After years of speculation about the survival of Vodafone Idea, India’s third largest telecom firm, the government has finally stepped in to rescue the debt laden joint venture. On a day when Vodafone Idea users in Mumbai faced another snag in service, the state has offered to become the largest stake holder in the firm by converting dues worth Rs 16,000 crore to equities. This saves it from collapsing under a Rs 58,254 crore debt, which it was left after a 2019 Supreme Court Verdict in favour of the Department of Telecom, ordering telcos to pay AGR dues.
Annual Gross Revenue dues, include the licensing fee that telcos were supposed to pay to the government for spectrum usage for 16 years, along with penalties and interest on them accrued over the same period. This left all telecom service providers in India, with AGR dues worth more than Rs 1.3 lakh crore to be paid to the DoT, with Airtel and Vodafone Idea having to foot a bulk of the bill.
So how did it all come down to this?
2005: As the telecom revolution was taking shape, top telecom operators including Airtel, and Vodafone then known as Hutch, refused to pay AGR dues over a dispute about its definition, and approached the Telecom Disputes Settlement and Appellate tribunal.
2015: It took a decade for the tribunal to decide that AGR payments include all revenues except for capital receipts and non-telecom income such as rent, dividend and proceeds from sale of assets among other.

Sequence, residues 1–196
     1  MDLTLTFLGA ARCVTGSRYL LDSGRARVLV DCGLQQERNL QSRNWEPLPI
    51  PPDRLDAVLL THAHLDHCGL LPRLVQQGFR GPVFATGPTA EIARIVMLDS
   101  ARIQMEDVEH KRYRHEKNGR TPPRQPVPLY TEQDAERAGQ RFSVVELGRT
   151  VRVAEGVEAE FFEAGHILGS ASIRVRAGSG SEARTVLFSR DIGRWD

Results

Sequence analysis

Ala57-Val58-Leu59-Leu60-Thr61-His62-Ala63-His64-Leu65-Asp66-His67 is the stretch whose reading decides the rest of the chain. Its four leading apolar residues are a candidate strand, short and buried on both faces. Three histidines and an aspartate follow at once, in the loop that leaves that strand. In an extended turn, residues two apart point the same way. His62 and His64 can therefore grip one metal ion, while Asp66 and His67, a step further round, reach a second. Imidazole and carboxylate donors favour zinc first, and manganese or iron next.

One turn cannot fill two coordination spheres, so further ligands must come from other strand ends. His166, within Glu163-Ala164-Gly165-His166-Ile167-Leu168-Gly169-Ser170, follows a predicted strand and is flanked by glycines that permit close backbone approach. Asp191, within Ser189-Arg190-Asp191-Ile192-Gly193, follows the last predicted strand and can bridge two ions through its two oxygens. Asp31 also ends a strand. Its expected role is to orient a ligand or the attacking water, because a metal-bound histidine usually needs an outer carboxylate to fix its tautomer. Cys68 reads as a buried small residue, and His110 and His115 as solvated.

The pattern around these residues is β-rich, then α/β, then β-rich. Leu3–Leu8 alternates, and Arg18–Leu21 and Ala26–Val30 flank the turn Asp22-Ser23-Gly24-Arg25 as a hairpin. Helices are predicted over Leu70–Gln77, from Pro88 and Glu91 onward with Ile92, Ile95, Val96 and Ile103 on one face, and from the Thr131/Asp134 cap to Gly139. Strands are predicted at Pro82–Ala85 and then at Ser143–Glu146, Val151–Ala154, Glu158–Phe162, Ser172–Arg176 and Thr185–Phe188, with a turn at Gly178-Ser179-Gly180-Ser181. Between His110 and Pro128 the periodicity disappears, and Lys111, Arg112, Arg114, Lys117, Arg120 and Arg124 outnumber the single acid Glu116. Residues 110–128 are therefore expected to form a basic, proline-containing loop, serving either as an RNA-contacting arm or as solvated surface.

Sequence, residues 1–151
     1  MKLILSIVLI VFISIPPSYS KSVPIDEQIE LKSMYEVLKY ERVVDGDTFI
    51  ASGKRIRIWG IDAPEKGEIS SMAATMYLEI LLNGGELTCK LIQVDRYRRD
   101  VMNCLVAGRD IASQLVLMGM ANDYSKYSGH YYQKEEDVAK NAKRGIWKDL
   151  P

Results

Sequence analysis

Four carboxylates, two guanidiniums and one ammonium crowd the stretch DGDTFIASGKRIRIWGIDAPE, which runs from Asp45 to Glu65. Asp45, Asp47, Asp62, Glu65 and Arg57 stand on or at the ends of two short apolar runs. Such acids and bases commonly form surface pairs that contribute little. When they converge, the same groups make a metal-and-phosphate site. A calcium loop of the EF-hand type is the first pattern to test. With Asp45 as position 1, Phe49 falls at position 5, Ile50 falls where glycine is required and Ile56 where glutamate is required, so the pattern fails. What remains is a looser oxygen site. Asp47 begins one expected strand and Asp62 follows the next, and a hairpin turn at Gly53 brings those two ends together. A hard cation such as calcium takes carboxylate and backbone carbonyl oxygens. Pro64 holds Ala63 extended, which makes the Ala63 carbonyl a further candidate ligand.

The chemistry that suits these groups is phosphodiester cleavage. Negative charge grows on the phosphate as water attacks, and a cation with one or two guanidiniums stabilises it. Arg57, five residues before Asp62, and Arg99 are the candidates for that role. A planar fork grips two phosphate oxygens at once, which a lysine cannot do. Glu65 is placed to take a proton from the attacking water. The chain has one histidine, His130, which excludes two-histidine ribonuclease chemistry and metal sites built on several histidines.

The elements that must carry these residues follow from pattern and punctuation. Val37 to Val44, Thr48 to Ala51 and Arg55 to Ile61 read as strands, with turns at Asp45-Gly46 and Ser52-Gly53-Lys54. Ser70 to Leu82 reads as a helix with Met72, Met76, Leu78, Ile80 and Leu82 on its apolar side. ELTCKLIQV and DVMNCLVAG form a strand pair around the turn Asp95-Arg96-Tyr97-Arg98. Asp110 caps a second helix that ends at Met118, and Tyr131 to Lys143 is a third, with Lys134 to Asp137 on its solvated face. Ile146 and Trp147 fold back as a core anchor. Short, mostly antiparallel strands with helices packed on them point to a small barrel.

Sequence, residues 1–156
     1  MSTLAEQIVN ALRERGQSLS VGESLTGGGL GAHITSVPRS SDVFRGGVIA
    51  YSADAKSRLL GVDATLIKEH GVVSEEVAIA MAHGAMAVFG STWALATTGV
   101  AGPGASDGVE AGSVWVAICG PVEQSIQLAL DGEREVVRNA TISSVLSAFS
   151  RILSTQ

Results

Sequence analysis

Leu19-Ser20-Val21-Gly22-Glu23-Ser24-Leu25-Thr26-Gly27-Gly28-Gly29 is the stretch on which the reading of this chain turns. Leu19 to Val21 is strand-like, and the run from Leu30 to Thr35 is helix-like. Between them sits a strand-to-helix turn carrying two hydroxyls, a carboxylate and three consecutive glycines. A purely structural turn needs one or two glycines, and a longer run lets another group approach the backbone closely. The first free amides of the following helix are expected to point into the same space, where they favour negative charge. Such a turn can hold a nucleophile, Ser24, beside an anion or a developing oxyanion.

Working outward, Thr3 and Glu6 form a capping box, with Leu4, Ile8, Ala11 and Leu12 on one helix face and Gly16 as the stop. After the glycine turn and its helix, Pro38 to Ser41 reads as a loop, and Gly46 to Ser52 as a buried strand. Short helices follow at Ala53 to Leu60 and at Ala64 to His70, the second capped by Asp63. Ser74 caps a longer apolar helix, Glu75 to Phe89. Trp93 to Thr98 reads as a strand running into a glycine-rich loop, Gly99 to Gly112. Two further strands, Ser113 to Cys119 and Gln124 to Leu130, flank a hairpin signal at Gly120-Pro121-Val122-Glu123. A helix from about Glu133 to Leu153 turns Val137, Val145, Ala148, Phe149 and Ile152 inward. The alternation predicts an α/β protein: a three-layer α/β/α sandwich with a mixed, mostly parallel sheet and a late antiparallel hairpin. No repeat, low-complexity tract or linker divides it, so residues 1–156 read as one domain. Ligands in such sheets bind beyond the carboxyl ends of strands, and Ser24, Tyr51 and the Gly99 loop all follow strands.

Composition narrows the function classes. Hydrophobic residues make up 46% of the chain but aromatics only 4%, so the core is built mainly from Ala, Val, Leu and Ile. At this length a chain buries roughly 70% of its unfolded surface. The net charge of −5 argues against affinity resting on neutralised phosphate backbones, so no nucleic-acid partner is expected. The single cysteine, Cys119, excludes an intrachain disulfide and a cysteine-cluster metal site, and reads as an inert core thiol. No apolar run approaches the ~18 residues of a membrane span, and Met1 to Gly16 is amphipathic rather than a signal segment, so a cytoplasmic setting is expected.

2019: The Supreme Court gives a vedict where it agrees with DoT’s definition of AGR, and ordered all telcos including Airtel, Vodafone, BSNL and MTNL, to pay the fee they owe for 14 years taken to resolve the case, along with the penalty and interest applicable for the same time.
While Airtel and Vodafone were left with a burden of more than Rs 90,000 crore, Reliance Jio, which was launched in 2016, only had to pay Rs 630 crore.
2020: Vodafone Idea was left to pay the highest amount of Rs 58,254 crore, of which it paid Rs 7,854 crore, with little over Rs 50,000 crore remaining as a balance amount. Along with Airtel, it got 10 years to pay back the dues in parts.
2021: Although Airtel paid installments of four out of 10 years in advance, Vodafone Idea decided to opt for a four year moratorium on payment.
2022: Vodafone Idea received an ultimatum from Indus Towers, which threatened to shut down its services if payments worth Rs 7,000 weren’t cleared, but later agreed to the telco’s plan to pay it all back in installments. Although Vodafone’s parent firm had earlier refused to fund the joint venture’s recovery, it eventually provided Rs 436 crore.
2023: Burdened by loans for paying back Indus Towers’ bills, Vodafone Idea had been unable to expand 4G services, couldn’t buy 5G equipment, and was losing subscribers to Airtel and Reliance Jio.
The interest payment on the AGR dues for Vodafone Idea alone amounts to a staggering Rs 16,000 crore, which the government has finally agreed to convert into a 35 per cent stake for it in the firm, so that Jio and Airtel don’t dominate under a duopoly among them.
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